In San Diego, Downey added the single-room occupancy apartments, also known nationally as SROs, are “horrible.” In the city, an occupant can pay $675 to $700 for 90- to 100-square-foot rooms as SROs. Meanwhile, market-rate apartments may command rents of $850 to $2,000 a month, he said.
“You take away access to healthcare,” Downey said, pointing to drastic cuts to nonhealthcare programs in the budget. “Premiums go up. They have no health care. This proposal is as mean-spirited as it can be. You target the vulnerable, the elderly, disabled segment [of the population].
“You will eliminate the Medicare waiver in different states. You couple it with the budget. Trump doubles down on being mean-spirited on the budgets — community block grant services, legal services and energy programs. … You talk about vital services, 16 percent proposed cuts.”
He also criticized the cuts to the senior jobs training programs and HUD aspects of the budget.
“[The jobs program is the] height of hypocrisy — job training to older adults,” Downey said. “Look at HUD, a 20 percent cut. [The HUD] leader does not believe in public housing. … San Diego [seniors] get to HUD. [This already means] five to six years of waiting for housing. With section 8, [there is already an] 11-year wait. [And yet] you cut HUD by 20 percent.”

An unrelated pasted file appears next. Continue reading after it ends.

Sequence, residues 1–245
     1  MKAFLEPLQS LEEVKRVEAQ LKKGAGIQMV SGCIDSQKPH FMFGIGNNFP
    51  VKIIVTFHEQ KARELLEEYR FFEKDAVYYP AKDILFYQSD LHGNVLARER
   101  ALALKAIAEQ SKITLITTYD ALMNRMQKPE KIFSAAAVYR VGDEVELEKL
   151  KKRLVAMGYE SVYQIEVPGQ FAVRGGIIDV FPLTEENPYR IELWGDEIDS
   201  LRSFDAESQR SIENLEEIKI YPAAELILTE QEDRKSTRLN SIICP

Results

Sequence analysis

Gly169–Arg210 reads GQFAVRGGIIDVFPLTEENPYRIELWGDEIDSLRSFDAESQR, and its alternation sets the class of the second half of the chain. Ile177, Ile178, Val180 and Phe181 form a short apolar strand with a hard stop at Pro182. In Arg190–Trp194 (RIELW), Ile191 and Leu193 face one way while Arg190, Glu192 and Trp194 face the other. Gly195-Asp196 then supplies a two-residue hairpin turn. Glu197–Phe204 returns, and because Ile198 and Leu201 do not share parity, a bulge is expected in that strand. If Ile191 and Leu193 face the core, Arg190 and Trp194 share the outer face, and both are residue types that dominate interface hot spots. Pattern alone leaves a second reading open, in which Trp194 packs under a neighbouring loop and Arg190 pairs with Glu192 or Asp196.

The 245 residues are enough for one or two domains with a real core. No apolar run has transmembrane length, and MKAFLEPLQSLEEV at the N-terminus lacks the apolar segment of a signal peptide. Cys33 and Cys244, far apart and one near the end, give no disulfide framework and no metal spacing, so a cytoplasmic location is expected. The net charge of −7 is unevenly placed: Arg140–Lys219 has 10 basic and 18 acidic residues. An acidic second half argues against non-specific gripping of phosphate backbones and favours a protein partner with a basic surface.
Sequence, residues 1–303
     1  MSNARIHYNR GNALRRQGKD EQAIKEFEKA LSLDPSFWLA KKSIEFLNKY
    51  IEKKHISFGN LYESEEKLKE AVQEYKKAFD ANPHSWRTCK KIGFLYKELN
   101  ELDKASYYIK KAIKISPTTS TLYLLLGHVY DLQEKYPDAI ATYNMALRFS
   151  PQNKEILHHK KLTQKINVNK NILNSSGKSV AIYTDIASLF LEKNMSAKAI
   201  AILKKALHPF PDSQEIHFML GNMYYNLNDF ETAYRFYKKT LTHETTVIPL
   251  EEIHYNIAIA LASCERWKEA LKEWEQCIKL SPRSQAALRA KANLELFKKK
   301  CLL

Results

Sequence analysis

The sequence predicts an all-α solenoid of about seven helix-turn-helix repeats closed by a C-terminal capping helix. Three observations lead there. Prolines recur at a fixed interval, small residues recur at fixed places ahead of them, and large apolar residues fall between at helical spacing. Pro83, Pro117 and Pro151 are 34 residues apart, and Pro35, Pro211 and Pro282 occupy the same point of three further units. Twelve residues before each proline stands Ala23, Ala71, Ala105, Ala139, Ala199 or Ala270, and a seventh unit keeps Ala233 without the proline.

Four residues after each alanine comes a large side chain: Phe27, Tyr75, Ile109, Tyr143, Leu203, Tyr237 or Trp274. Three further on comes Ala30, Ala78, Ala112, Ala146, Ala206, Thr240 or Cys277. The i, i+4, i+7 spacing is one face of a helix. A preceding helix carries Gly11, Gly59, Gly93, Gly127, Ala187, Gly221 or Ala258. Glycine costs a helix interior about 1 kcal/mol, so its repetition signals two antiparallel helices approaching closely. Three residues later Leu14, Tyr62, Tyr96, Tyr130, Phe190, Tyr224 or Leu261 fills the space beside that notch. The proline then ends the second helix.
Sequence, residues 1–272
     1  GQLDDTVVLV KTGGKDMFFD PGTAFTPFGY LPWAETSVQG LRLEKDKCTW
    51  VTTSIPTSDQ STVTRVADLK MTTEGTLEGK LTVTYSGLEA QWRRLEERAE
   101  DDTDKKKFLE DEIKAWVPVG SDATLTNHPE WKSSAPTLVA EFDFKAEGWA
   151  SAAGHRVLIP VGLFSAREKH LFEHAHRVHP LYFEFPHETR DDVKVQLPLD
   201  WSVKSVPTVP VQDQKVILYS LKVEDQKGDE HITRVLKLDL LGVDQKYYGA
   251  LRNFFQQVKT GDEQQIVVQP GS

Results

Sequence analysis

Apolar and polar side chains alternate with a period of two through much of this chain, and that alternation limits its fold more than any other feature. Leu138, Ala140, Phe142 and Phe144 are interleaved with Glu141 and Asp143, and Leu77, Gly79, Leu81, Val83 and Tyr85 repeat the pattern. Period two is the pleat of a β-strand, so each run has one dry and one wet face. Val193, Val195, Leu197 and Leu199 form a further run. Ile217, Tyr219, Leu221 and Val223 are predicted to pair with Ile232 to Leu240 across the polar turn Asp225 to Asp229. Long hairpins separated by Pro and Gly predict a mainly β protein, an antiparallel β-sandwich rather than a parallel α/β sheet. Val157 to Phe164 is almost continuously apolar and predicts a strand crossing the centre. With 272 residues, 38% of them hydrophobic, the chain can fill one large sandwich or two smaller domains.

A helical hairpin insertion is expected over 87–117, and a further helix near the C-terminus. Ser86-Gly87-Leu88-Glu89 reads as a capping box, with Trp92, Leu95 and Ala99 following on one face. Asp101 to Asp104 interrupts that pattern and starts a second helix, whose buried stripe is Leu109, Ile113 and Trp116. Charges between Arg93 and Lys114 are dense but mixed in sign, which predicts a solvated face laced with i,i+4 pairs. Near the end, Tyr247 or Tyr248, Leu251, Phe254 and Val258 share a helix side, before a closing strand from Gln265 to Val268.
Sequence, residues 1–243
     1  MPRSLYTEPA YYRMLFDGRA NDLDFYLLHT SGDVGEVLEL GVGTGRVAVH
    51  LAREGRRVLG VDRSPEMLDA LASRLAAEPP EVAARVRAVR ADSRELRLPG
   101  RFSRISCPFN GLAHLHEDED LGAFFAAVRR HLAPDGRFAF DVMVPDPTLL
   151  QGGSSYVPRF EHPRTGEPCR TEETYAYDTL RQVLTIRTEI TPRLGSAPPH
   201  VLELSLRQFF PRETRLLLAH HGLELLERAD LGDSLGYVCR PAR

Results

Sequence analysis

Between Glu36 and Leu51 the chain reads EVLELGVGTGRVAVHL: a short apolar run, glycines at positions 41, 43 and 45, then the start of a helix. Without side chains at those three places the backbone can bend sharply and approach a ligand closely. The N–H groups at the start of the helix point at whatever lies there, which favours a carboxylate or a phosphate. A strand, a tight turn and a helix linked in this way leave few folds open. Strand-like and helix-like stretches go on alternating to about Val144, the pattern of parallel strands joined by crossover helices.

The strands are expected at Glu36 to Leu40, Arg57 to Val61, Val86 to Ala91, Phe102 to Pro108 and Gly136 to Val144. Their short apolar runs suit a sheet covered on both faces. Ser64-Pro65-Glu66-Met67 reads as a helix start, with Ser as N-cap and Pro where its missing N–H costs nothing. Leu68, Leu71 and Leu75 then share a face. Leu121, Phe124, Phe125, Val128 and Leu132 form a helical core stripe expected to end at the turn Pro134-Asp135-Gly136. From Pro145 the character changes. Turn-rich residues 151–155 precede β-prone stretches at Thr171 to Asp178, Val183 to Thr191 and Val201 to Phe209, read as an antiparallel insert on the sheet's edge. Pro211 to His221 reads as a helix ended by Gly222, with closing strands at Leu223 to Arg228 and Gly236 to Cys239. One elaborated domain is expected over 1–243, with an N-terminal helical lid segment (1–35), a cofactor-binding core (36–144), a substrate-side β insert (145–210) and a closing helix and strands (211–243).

William “Bill” Benson, Principal and Managing Partner of Health Benefits ABCs, a health and aging policy consulting firm in Silver Spring, Md., agreed, expressing concerns for the fate of the Social Service block grant.
“It’s the larger pot of human service foundation,” Benson said. “About $1.7 billion goes to states. It’s very discretionary. States have options. … [This] affects kids, the disabled, the mentally ill and the elderly. Some states use nutrition [programs for alternate uses.]
“It is the lifeblood of [adult] protective services [also known as APS] in 34 to 37 states … States like New York and Texas [are working to] fully fund people. … It is [an] entitlement … Title 2.0 of Social Service. It’s not in Trump’s budget and Congress will take appropriations. It is at risk.”